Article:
If you have experience creating React components, the next part will feel very familiar. The home page functions just like any other React component. You can include basically any component you want using the app integrator. Let’s explore how this works using one of Backstage’s Storybook examples as the base:

// Base imports to build the home page
import {  
} from '@backstage/plugin-home';  
import { Content, Page, InfoCard } from '@backstage/core-components';  
import { Grid, makeStyles } from '@material-ui/core';  
import React from 'react';  
import { SearchContextProvider } from '@backstage/plugin-search-react';  
import { HomePageSearchBar } from '@backstage/plugin-search';  
import { Warning } from '@material-ui/icons';  

// Styles
const useStyles = makeStyles(theme => ({  
  searchBarInput: {  
    maxWidth: '60vw',  
    margin: 'auto',  
    backgroundColor: theme.palette.background.paper,  
    borderRadius: '50px',  
    boxShadow: theme.shadows[1],  
  searchBarOutline: {  
    borderStyle: 'none',  
const useLogoStyles = makeStyles(theme => ({  
  container: {  
    margin: theme.spacing(5, 0),  
  svg: {  
    width: 'auto',  
    height: 100,  
  path: {  
    fill: '#7df3e1',  
const useBannerStyles = makeStyles(theme => ({  
  container: {  
    backgroundColor: theme.palette.warning.light,  
    color: theme.palette.warning.contrastText,  
    padding: theme.spacing(2),  
    display: 'flex',  
    alignItems: 'center',  
    justifyContent: 'center',  
    borderRadius: 5,  
    marginTop: theme.spacing(3),  
  icon: {  
    marginRight: theme.spacing(1),  
// Banner
const WarningBanner: React.FC = () => {  
  const classes = useBannerStyles();  
  return (  
    <div className={classes.container}>  
      <Warning className={classes.icon} />  
      This is an example of a warning banner, you can give general advice here  
export const HomePage = () => {  
  const classes = useStyles();  
  const { svg, path, container } = useLogoStyles();  
  // Direct links to useful locations, which you can change to whatever you want
  const tools = [  
      url: '/create/actions',  
      label: 'Create/Actions',  
      icon: <TemplateBackstageLogoIcon />,  
      url: '/docs',  
      label: 'Docs',  
      icon: <TemplateBackstageLogoIcon />,  
      url: '/catalog?filters%5Bkind%5D=user',  
      label: 'User Catalog',  
      icon: <TemplateBackstageLogoIcon />,  
      url: '/catalog?filters%5Bkind%5D=group',  
      label: 'Group Catalog',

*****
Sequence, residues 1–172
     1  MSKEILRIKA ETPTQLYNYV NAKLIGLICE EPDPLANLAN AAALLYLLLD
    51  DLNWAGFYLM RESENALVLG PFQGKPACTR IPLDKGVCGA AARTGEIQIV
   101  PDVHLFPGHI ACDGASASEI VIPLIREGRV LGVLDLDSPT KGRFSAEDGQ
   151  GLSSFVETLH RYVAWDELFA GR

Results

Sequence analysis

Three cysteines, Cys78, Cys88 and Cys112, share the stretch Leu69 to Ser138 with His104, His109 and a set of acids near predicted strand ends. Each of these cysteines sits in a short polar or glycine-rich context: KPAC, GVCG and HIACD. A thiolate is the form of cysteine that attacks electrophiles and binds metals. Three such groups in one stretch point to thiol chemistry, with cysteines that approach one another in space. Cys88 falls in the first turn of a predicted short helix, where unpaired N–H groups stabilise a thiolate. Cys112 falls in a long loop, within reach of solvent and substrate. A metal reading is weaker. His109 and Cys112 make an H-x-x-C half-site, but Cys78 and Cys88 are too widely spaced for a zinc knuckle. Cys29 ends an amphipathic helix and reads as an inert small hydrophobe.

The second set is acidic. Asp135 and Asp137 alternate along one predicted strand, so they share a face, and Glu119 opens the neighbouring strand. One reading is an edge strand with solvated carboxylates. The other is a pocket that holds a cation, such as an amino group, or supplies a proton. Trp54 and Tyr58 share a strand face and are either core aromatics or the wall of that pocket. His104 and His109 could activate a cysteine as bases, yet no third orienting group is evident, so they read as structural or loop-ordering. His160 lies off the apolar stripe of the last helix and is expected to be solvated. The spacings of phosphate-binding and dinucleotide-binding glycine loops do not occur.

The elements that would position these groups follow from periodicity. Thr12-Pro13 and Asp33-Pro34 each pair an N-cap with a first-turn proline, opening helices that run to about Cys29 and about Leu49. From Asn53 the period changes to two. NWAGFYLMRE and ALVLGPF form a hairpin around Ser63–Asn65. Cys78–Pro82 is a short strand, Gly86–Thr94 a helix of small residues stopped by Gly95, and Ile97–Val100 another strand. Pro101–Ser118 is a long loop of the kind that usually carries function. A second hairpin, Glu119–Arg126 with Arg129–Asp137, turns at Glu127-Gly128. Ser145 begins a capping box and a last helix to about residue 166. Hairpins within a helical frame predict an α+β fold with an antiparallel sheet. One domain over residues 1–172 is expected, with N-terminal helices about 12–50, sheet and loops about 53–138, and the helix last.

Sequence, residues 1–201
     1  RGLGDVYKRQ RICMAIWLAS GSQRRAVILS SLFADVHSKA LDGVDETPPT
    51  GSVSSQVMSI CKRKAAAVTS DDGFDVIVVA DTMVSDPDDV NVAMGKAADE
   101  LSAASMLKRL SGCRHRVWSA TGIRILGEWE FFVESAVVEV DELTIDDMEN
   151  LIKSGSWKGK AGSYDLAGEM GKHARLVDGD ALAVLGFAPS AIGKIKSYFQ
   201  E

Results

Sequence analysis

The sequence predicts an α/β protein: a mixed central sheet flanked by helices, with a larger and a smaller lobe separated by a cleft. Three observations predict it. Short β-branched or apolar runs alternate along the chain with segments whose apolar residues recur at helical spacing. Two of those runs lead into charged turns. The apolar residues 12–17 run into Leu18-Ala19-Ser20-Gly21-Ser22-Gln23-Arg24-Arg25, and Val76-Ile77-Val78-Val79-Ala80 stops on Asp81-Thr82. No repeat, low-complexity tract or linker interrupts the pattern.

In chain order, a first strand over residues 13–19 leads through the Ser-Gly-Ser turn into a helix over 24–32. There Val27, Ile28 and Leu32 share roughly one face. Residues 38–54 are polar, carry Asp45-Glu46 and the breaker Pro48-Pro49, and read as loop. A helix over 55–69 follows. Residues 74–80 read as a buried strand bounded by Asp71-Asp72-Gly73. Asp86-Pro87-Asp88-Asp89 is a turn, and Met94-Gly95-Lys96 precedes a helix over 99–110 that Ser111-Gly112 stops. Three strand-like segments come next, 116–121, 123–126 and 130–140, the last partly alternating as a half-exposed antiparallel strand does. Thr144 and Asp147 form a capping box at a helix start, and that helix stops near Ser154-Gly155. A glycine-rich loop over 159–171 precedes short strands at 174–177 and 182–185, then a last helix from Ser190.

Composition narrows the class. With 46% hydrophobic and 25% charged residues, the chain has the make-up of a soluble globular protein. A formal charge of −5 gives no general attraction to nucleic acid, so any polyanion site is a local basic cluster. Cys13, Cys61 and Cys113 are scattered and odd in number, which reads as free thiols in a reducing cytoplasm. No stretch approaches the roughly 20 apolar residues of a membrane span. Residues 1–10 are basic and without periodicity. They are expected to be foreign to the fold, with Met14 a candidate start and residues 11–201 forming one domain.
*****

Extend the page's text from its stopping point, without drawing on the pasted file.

icon: <TemplateBackstageLogoIcon />,  
  // Use the search bar and starred entities as is
  return (  
      <Page themeId="home">  
          <Grid container justifyContent="center" spacing={6}>  
              logo={<TemplateBackstageLogo classes={{ svg, path }} />}  
            <Grid container item xs={12} justifyContent="center">  
                  classes: { root: classes.searchBarInput, notchedOutline: classes.searchBarOutline },  
            <Grid container item xs={12}>  
              <Grid item xs={12} md={6}>  
                <HomePageStarredEntities />  
              <Grid item xs={12} md={6}>  
                <HomePageToolkit tools={tools} />  
              <Grid item xs={12}>  
                <WarningBanner />  

This code will create a simple, functional home page:

Backstage with home page

Take a moment to explore the page that’s rendered. Each component provides quick access to valuable resources for the user. When you design your own home page, think about what could be useful for a user to have at hand. You can also find some inspiration by looking at the Backstage Storybook. Be careful not to overdo it. A messy home page will negatively affect the user experience, so you should only include elements that are useful for your typical user.

Your home page can also influence how your users interact with it. As the first thing your users see, your home page has the strongest chance to capture their full attention. If you want them to try out the software templates, put them up front and draw attention to that section using a larger font size or bold colors. Alternatively, if you want to encourage them to use a specific plugin, make sure it stays at the top. You can change the order in the left-side panel and create the card in a different color. Your home page is your best chance to nudge your users in certain directions.

See any information that you think should be updated? Our Backstage guide is open sourced on Github. You can fork it and submit pull requests to keep the article up to date!

Backstage repo

Changing the App’s Theme

Regardless of how you feel about Backstage’s default light and dark themes, customizing the app to reflect your organization’s identity will help your users feel at home. You’ll need to add new themes to your app to do that.

Backstage uses Material UI to create themes. Backstage recently updated from Material UI v4 to v5, but the documentation is still outdated in some parts. Be aware that the previous export BackstageTheme has been deprecated in MUI v5. Instead, you’ll need to use themes.light or themes.dark, depending on what you need. These are available in @backstage/theme. Both of these will be used in the next code snippet.

The following code renders the existing light and dark themes and a new theme that you’ll create in the next step in packages/app/src/App.tsx:

// Add imports for the default themes